SERUM SIALIC ACID IN RELATION TO ERYTHROCYTE SEDIMENTATION RATE AND HbA OF TYPE 2 DIABETIC PATIENTS

ABSTRACT

Background : Accumulating evidence suggests that type 2 diabetes is associated with chronic low grade inflammation. Serum sialic acid (SSA) and erythrocyte sedimentation rate (ESR) are the markers for inflammation.
Aims : The main aim of this study was to determine the serum sialic acid level in type 2 diabetic patients and study its relationship with ESRandHbA .
Settings & design : This was a case control study in which type 2 diabetes patients were considered as cases and
healthy individuals were taken as controls.
TMethods & Material : The study included totally 122 subjects of whom 51were healthy individuals, 71were of type 2 diabetes. Samples were analyzed for HbA , ESR, Sialic acid and glucose using Ion exchange HPLC,Westergrens method, Aminoff method and GOD POD method respectively.
Statistical analysis : The data were analyzed using the ‘R’ software. Resultswere expressed asmean ± SD. Spearman’s
correlation test was used for correlation studies.
Results : Serum sialic acid concentrations, ESR and HbA were significantly increased in type 2 diabetics. Sialic acid had significant positive correlation with ESR in diabetic patients as well as the controls. Sialic acid had no
correlation with glucose andHbA.
Conclusion : The markers of inflammation ESR and SSAare increased in type 2 Diabetes mellitus and can be used to monitor the subclinical inflammatory process in them.

Physiology of glycosylated haemoglobin, and the impact of glycaemic control on lipid profile in adult men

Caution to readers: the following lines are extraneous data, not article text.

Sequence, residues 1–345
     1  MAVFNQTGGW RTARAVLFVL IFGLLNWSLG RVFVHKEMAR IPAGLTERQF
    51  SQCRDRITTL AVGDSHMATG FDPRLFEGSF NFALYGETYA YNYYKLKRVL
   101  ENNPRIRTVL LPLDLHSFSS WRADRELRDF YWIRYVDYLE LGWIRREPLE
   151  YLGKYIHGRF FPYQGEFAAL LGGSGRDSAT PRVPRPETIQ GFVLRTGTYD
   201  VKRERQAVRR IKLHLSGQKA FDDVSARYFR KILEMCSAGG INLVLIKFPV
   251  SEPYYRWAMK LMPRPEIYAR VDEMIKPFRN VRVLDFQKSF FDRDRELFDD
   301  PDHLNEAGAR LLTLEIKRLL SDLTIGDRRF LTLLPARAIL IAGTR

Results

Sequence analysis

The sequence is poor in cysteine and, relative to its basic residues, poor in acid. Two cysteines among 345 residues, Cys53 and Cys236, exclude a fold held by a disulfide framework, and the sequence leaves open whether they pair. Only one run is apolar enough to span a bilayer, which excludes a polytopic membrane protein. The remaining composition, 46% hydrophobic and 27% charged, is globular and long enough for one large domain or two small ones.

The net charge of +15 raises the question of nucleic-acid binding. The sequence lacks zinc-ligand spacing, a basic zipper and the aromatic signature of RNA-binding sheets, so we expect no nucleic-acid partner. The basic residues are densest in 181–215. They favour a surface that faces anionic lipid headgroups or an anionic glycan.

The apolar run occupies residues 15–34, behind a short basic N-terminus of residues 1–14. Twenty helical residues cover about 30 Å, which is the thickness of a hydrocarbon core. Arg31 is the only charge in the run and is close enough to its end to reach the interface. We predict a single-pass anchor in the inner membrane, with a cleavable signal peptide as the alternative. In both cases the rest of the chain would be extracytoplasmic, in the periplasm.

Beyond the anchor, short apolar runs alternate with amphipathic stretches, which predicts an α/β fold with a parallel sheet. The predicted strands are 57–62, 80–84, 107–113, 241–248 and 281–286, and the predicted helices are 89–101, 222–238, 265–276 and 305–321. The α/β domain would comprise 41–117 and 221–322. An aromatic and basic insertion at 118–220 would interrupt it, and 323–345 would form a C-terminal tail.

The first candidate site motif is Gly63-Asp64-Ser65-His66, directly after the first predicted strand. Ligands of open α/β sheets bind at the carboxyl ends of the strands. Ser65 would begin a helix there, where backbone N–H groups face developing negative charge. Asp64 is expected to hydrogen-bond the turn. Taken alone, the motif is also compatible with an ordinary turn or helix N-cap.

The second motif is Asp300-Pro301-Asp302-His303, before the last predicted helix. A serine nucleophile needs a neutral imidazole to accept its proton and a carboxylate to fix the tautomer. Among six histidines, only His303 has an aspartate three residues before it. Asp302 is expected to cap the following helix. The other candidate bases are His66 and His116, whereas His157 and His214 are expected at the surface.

ABSTRACT

Looking at the effects of insulin deficiency on carbohydrate and lipid metabolism, diabetes mellitus is now being called more a disease of lipid metabolism than carbohydrate metabolism. A cross-sectional study was conducted during March 2005 to March 2006 to study the glycosylated haemoglobin (HbA1c) and lipid levels in normal adults and with type -2 diabetes mellitus and its
relation to glycaemic control. Comparison of  lipid levels was made between group of diabetic patients and the normals. The lipid fractions i.e.Total cholesterol, triglycerides, and low-density lipoprotein levels of poorly controlled diabetic (HbA1c > 8 %), were respectively higher (p<0.001), (p<0.01) and (p<0.001) than those of the control group. Later the lipid levels decreased drastically with glycaemic control (p>0.05, p>0.05 and p<0.05 respectively). Increased levels of low-density lipoprotein may be a contributory factor to the high risk of atherosclerosis induced coronary artery disease observed in diabetes mellitus patients. Reduction of blood glucose levels is likely to reduce low density lipoprotein levels and the  risk of complication, with the lowest risk being in
those with glycosylated hemoglobin values in the normal range i.e. less than 8.0%.